The Mk II round-nosed bullet was found to be unsatisfactory when used in combat, particularly when compared to the dum-dum rounds issued in limited numbers in 1897 during the Chitral and Tirah expeditions of 1897/98 on the North West Frontier of India.[11] This led to the introduction of the Cartridge S.A. Ball .303 inch Cordite Mark III, basically the original 215-grain (13.9 g) bullet with the jacketing cut back to expose the lead in the nose.[11] Similar hollow-point bullets were used in the Mk IV and Mk V loadings, which were put into mass production. The design of the Mk IV hollow-point bullet shifted bullet weight rearwards, improving stability and accuracy over the regular round-nose bullet.[11] These soft-nosed and hollow-point bullets, while effective against human targets, had a tendency to shed the outer metal jacket upon firing; the latter occasionally stuck in the bore, causing a dangerous obstruction.[11] The Hague Convention of 1899[11] later declared that use of expanding bullets against signatories of the convention was inhumane, and as a result the Mk III, Mk IV, and Mk V were withdrawn from active service. The remaining stocks (over 45 million rounds) were used for target practice.

The concern about expanding bullets was brought up at the 1899 Hague Convention by Swiss and Dutch representatives. The Swiss were concerned about small arms ammunition that "increased suffering", and the Dutch focused on the British Mark III .303 loading in response to their treatment of Boer settlers in South Africa. The British and American defense was that they should not focus on specific bullet designs, like hollow-points, but instead on rounds that caused "superfluous injury". The parties in the end agreed to abstain from using expanding bullets. As a result, the Mark III and other expanding versions of the .303 were not issued during the Second Boer War (1899–1902). Boer guerrillas allegedly used expanding hunting ammunition against the British during the war, and New Zealand Commonwealth troops may have brought Mark III rounds with them privately after the Hague Convention without authorization.[12]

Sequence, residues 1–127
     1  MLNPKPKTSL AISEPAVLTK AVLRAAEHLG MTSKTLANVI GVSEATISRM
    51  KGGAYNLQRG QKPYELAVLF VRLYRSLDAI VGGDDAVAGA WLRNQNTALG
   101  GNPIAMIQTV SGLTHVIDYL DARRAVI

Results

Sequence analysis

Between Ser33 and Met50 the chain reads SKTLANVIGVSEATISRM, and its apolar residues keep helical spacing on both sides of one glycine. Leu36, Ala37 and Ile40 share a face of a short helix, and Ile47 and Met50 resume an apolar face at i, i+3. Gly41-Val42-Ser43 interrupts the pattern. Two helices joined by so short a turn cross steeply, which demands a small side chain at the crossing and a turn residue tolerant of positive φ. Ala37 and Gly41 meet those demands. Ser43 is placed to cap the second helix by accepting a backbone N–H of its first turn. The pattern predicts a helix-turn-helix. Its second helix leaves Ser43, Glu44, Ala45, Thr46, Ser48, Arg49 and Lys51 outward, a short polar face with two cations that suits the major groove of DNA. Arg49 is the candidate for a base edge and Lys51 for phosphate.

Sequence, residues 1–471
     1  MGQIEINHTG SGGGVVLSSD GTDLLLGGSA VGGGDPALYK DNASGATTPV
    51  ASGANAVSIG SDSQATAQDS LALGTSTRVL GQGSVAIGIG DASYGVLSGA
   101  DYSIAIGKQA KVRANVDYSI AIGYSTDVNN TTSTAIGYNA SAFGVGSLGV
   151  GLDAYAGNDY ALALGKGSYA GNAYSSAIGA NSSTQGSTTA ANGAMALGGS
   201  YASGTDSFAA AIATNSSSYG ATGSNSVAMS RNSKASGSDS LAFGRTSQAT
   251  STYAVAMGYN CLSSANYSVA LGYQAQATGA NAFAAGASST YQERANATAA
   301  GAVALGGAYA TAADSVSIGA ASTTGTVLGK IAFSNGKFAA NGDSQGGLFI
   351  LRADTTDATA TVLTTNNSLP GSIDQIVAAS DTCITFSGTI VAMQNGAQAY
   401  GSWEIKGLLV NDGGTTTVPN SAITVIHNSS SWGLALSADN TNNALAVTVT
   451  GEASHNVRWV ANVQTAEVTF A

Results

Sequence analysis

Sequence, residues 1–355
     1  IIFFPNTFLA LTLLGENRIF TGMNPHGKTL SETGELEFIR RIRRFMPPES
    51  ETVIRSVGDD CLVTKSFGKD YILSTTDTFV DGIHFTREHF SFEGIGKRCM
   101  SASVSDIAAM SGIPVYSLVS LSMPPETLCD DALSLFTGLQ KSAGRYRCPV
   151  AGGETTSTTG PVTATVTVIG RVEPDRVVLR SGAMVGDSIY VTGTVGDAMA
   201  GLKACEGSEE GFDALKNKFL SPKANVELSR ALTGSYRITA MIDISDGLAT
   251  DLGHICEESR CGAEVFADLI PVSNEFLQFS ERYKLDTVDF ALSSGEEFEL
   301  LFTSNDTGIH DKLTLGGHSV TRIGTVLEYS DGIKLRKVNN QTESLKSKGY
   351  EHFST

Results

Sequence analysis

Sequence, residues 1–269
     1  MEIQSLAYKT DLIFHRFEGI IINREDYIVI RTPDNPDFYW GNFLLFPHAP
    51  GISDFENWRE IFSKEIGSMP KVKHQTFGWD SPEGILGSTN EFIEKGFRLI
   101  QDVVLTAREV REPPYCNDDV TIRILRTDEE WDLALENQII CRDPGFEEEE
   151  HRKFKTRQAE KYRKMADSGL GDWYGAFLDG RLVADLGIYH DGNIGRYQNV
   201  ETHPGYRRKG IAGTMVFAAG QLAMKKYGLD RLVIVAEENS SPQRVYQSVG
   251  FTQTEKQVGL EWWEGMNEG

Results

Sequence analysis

To replace the Mk III, IV, and V, the Mark VI round was introduced in 1904, using a round nose bullet similar to the Mk II, but with a thinner jacket designed to produce some expansion, though this proved not to be the case.[13][14]
IIRC the cordite but RN bullet, not the Mk VII.

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Re: Lee-Enfield System

#40 Post by Alan De Enfield » Sat Jan 26, 2019 4:28 am

Tommy Atkins wrote:
Fri Jan 25, 2019 10:29 am
The Mk II round-nosed bullet was found to be unsatisfactory when used in combat, particularly when compared to the dum-dum rounds issued in limited numbers in 1897 during the Chitral and Tirah expeditions of 1897/98 on the North West Frontier of India.[11] This led to the introduction of the Cartridge S.A. Ball .303 inch Cordite Mark III, basically the original 215-grain (13.9 g) bullet with the jacketing cut back to expose the lead in the nose.[11] Similar hollow-point bullets were used in the Mk IV and Mk V loadings, which were put into mass production. The design of the Mk IV hollow-point bullet shifted bullet weight rearwards, improving stability and accuracy over the regular round-nose bullet.[11] These soft-nosed and hollow-point bullets, while effective against human targets, had a tendency to shed the outer metal jacket upon firing; the latter occasionally stuck in the bore, causing a dangerous obstruction.[11] The Hague Convention of 1899[11] later declared that use of expanding bullets against signatories of the convention was inhumane, and as a result the Mk III, Mk IV, and Mk V were withdrawn from active service. The remaining stocks (over 45 million rounds) were used for target practice.

The concern about expanding bullets was brought up at the 1899 Hague Convention by Swiss and Dutch representatives. The Swiss were concerned about small arms ammunition that "increased suffering", and the Dutch focused on the British Mark III .303 loading in response to their treatment of Boer settlers in South Africa. The British and American defense was that they should not focus on specific bullet designs, like hollow-points, but instead on rounds that caused "superfluous injury". The parties in the end agreed to abstain from using expanding bullets. As a result, the Mark III and other expanding versions of the .303 were not issued during the Second Boer War (1899–1902). Boer guerrillas allegedly used expanding hunting ammunition against the British during the war, and New Zealand Commonwealth troops may have brought Mark III rounds with them privately after the Hague Convention without authorization.[12]

To replace the Mk III, IV, and V, the Mark VI round was introduced in 1904, using a round nose bullet similar to the Mk II, but with a thinner jacket designed to produce some expansion, though this proved not to be the case.[13][14]
IIRC the cordite but RN bullet, not the Mk VII.
It is also interesting that the use of the wooden 'filler' in the nose of the 303 round was 'frowned upon' as wood splinters getting into the would / could cause infection.

Never mind his arm has just been blown off, he might get some germs in the stump !!!!!
"When a well-packaged web of lies has been sold gradually to the masses over many years,

the truth will seem utterly preposterous and its speaker a raving lunatic". Dresden James